I can't believe at this point in the season a guy like Sagan has so few points, while he's obiouvsly been the best rider by a great margin during the first part of the season.


That aside, from the point of view of the common people, a GC winner will always mean more than a guy who won, say, 7 stages in the same tour.

On the other hand, if that GC winner is a "one-GT-wonder" of sorts while the other guy has an amazing career in one day races and/or sprints (see for comparisons Giro D'Italia 1999 - Ivan Gotti VS Mario Cipollini, just to make an example), the second one will have much more glory than the previous.
 
Well duh, the WT point system only counts WT races (you know, the ones that Sagan keeps losing to Cancellara), and excludes the 1.HC and 1.1s that Sagan likes to win.

Which is why Sagan is in second place to Cancellara's first at the moment.

Also same reason why Nibali and Froome are 17th and 22nd place while Porte and Quintana are 5th and 6th. Apart from TA where they came in 1st and 2nd, they haven't done any other WT stage races. Giro del Trentino, Criterium International and Tour of Oman are 2.HCs and don't count any points towards the WT.
 
Aug 16, 2011
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karlboss said:
The question would then be if Contador wins the tour without taking a stage vs Cavendish taking 7 stages (or whatever number) which team did better.
Is this your rating for the tour or all stage races?

EDIT: Would it change if it wasn't a sprinter, but a climber who won many stages
Especially from a team point of view I can't see that you win 19 of 20 stages, but another team rider secures the overall yet the team is determined to have done better than you.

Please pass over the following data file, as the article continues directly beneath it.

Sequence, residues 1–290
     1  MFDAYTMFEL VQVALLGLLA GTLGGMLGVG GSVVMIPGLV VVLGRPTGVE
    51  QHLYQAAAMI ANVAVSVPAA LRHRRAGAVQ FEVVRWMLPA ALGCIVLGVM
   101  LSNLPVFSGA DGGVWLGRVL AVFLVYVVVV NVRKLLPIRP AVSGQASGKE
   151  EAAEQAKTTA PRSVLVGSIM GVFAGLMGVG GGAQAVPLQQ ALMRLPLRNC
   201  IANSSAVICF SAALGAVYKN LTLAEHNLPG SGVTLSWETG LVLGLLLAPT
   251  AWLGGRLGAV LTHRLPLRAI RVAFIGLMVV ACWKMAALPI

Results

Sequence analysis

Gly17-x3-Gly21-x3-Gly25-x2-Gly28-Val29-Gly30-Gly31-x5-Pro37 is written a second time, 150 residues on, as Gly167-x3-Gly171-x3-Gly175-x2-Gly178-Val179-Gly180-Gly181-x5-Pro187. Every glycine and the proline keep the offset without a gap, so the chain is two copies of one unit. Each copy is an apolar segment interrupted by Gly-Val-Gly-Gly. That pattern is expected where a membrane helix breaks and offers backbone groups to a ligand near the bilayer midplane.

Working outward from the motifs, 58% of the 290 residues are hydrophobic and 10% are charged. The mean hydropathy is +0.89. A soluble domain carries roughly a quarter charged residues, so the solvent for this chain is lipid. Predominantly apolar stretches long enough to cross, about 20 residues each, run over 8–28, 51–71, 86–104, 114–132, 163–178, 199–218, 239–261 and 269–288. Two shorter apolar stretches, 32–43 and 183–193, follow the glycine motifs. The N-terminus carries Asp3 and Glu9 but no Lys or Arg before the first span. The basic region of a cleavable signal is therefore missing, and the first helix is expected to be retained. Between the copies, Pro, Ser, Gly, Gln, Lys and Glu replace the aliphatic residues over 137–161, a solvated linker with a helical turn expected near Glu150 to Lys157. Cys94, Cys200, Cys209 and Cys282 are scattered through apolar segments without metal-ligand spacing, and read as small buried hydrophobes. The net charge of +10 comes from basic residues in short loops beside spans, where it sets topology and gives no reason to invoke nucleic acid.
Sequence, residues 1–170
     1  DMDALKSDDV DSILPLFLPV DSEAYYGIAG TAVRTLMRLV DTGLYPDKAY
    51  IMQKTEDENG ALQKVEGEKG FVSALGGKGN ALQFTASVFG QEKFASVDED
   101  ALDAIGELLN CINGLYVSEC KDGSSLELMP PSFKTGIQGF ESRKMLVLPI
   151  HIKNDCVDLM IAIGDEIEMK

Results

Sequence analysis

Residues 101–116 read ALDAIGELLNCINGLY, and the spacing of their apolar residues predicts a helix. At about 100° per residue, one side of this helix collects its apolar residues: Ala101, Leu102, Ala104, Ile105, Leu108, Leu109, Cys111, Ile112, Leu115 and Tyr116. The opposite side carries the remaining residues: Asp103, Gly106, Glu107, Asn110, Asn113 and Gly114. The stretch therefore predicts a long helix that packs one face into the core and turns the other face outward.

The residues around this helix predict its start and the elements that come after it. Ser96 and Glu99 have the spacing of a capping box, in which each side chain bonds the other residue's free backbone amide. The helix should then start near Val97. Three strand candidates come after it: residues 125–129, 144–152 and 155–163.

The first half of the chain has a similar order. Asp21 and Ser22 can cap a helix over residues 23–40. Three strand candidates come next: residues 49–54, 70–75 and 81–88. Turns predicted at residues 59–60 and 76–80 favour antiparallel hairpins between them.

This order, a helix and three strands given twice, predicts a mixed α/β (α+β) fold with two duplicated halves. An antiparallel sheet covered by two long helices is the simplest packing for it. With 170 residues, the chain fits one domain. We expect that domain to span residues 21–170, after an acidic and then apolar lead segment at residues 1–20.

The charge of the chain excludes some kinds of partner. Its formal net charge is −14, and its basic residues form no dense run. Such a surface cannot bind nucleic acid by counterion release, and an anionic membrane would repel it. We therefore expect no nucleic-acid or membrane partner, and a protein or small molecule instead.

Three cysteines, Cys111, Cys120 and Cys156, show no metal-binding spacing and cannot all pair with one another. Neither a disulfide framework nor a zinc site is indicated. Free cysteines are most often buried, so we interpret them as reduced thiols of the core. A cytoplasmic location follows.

Would be hard to compare which team did better since they would both have achieved their goals. I would say the GC win would be the better (more prestigious) result.
I was thinking mainly GT's in my post, agree with Jaylew unless it's in a week long race, the GC win is going to be the better achievement.

If the climber is one of the GC contenders and is aiming as GC as their main goal then I imagine it would take a few stage wins to make up for not winning GC. Would depend on who the rider was exactly. In terms of achievement in this situation I would say it would take at least 10-12 stages to make winning the stages better than winning the GC.
 
Mar 13, 2009
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Pippo_San said:
The WT point system is seriously, really seriously ****ed up.
I can't believe at this point in the season a guy like Sagan has so few points, while he's obiouvsly been the best rider by a great margin during the first part of the season.


That aside, from the point of view of the common people, a GC winner will always mean more than a guy who won, say, 7 stages in the same tour.

On the other hand, if that GC winner is a "one-GT-wonder" of sorts while the other guy has an amazing career in one day races and/or sprints (see for comparisons Giro D'Italia 1999 - Ivan Gotti VS Mario Cipollini, just to make an example), the second one will have much more glory than the previous.
What if it's a GC win vs say 10, 15, or 20 wins?
 
Apr 19, 2010
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Obviously the overall GC is by far the greatest achievement. But what about GC placings versus a stage win?

For me GC 1-5 > stage win(s)
Stage win > GC 10-15
Not quite sure how to rate GC 6-10 or points/mountain jersey vs. stage win.

Any thoughts?
 
Mar 13, 2009
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Kompakt said:
Obviously the overall GC is by far the greatest achievement. But what about GC placings versus a stage win?

For me GC 1-5 > stage win(s)
Stage win > GC 10-15
Not quite sure how to rate GC 6-10 or points/mountain jersey vs. stage win.

Any thoughts?
cq ranks a stage win equal with a classification win. uci doesn't seem to rank it. Stage vs GC placing, stage is equal with 14th by the UCI and 18/19 for cq. I think high GC placings are over valued.
 
Another good thread. Overall win valued 20 x more than stage win really sucks.